A microdose exploratory IND study would expose a small number of patients to “1/100th of the dose of a test substance [needed] to yield a pharmacologic effect of the test substance with a maximum dose of <100 micrograms.”
Through a microdose study, investigators would be able to test whether the drug is distributed and metabolized in the body on a molecular level and whether it is actually reaching the intended target.
Janet Woodcock, deputy commissioner and chief medical officer of the FDA, previously told Pharmacogenomics Reporter that through Phase 0 studies the agency is encouraging industry’s move away from the traditional three-phase drug-development model toward more predictive strategies.
“Everyone wants to move from what has basically been, after the discovery phase, almost a trial-and-error approach, to a more mechanistic approach, where we have much more predictive information that we can generate at each step of the way,” Woodcock had said when the agency first introduced the draft version of its eIND guidance in 2005 [see PGx Reporter 05-12-05].
However, as a company that has performed between five or 10 of the eINDs, Novartis is “still assessing what the utility of the eINDs are,” according to Schmouder.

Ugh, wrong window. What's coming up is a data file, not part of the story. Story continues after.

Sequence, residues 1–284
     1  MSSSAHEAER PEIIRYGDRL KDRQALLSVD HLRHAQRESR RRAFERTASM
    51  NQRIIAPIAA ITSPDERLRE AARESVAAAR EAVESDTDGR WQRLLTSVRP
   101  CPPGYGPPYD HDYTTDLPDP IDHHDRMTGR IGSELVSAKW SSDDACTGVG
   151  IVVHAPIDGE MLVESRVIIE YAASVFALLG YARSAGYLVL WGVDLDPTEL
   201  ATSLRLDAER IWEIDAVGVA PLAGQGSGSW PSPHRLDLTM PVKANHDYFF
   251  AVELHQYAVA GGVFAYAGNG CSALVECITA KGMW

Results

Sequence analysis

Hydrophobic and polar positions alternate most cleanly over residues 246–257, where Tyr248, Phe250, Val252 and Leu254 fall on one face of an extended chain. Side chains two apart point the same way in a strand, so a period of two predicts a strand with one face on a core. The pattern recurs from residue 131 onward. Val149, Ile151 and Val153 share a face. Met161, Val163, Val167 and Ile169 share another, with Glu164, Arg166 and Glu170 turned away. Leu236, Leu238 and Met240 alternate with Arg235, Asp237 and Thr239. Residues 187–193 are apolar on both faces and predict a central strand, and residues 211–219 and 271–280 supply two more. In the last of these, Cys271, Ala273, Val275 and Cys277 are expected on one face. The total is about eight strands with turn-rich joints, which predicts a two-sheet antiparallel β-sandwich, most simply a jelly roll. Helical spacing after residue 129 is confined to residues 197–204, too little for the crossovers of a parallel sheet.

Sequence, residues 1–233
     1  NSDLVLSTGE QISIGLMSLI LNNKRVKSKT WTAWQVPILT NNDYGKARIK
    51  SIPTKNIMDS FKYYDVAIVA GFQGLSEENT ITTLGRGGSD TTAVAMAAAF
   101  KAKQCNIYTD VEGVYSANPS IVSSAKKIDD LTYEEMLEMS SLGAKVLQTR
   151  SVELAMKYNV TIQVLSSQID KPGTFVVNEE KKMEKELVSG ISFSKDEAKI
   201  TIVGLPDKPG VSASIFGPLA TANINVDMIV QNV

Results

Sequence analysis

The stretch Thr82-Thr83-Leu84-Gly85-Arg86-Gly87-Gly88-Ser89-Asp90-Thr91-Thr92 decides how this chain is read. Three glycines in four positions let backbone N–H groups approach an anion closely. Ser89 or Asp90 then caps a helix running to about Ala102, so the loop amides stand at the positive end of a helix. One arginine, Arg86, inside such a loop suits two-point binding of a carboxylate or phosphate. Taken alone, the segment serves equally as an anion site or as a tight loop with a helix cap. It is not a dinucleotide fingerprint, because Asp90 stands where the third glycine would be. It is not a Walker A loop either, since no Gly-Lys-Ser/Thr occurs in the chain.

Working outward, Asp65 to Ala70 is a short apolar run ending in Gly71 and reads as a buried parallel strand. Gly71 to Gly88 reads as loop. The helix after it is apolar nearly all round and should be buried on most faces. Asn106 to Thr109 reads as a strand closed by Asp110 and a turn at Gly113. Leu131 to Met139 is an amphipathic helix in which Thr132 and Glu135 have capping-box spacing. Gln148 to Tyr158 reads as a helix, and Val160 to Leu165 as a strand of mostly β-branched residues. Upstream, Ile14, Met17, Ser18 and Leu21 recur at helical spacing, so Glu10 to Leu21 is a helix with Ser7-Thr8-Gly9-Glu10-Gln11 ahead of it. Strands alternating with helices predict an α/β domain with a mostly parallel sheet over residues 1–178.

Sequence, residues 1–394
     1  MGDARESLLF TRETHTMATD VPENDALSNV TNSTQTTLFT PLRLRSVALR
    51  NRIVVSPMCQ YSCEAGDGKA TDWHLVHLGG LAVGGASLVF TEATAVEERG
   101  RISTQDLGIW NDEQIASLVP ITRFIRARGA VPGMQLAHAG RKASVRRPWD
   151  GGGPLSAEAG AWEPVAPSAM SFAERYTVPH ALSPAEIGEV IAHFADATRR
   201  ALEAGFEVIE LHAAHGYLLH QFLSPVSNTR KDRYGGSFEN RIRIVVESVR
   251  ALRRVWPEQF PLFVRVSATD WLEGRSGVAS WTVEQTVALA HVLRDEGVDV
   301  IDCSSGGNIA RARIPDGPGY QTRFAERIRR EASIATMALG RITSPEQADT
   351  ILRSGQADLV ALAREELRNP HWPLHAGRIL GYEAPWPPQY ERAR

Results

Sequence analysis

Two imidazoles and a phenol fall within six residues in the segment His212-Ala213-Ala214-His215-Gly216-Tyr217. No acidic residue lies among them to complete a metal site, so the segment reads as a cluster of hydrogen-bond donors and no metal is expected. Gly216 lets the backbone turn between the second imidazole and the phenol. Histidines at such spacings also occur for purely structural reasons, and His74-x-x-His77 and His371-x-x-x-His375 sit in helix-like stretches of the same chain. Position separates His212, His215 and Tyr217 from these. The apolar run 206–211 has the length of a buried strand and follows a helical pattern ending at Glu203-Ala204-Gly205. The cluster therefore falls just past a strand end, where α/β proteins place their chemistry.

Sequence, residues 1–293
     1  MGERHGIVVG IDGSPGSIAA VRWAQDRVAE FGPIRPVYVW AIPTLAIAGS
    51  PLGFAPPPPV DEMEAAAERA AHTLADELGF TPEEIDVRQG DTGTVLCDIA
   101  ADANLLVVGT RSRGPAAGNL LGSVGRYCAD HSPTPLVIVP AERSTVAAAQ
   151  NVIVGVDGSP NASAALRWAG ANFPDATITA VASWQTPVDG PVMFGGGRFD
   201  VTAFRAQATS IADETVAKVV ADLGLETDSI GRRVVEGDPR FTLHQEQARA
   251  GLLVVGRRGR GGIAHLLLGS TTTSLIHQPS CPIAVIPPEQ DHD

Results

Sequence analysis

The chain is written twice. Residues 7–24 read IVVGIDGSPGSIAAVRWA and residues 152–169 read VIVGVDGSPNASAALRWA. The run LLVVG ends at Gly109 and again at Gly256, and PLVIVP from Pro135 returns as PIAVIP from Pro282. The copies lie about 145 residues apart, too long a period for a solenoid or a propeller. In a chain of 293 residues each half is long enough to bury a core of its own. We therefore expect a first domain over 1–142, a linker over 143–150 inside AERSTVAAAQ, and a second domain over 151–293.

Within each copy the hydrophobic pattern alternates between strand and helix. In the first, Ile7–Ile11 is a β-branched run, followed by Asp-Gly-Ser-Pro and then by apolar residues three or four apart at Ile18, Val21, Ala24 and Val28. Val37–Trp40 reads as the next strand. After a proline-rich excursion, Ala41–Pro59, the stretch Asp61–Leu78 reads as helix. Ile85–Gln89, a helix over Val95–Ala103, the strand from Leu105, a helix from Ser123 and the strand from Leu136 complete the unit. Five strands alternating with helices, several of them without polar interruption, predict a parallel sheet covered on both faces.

An FDA spokesperson told Pharmacogenomics Reporter this week that the agency does not have data regarding how many exploratory INDs have been submitted as part of new drug applications.
The agency also maintains that it does “not recognize the term ‘Phase 0’” even though several high-ranking FDA officials, Woodcock among them, have referred to eINDs as Phase 0 studies.
At the time the FDA had released its final eIND guidance, agency officials had touted the eIND studies as a way for companies to limit exposing patients to highly toxic therapies.
Although the permissible dosing levels in such studies may be too small to yield such information, Schmouder did highlight a few instances when FDA’s Phase 0 studies could come in handy.
“Some drugs you can’t really scale a lot … so eINDs would give you the information you need,” he said, adding that the company has also done microdosing studies to compare two drug candidates with imaging technology.
Ultimately, “eINDs are just one of the tools in the tool chest, [but] they don’t represent the be all and end all of the future of translational medicine,” Schmouder said. “They are just another way of providing information and insight.”
However, a study by R.A. Boyd and R.L Lalonde of Pfizer, published in January in Clinical Pharmacology & Therapeutics, concluded that although microdose studies “under the right circumstances … may help early drug-development decisions to be made more efficiently … they will allow only assessment of pharmacokinetic properties.”
“Exploratory INDs are just one of the tools in the tool chest, [but] they don’t represent the be all and end all of the future of translational medicine. They are just another way of providing information and insight.”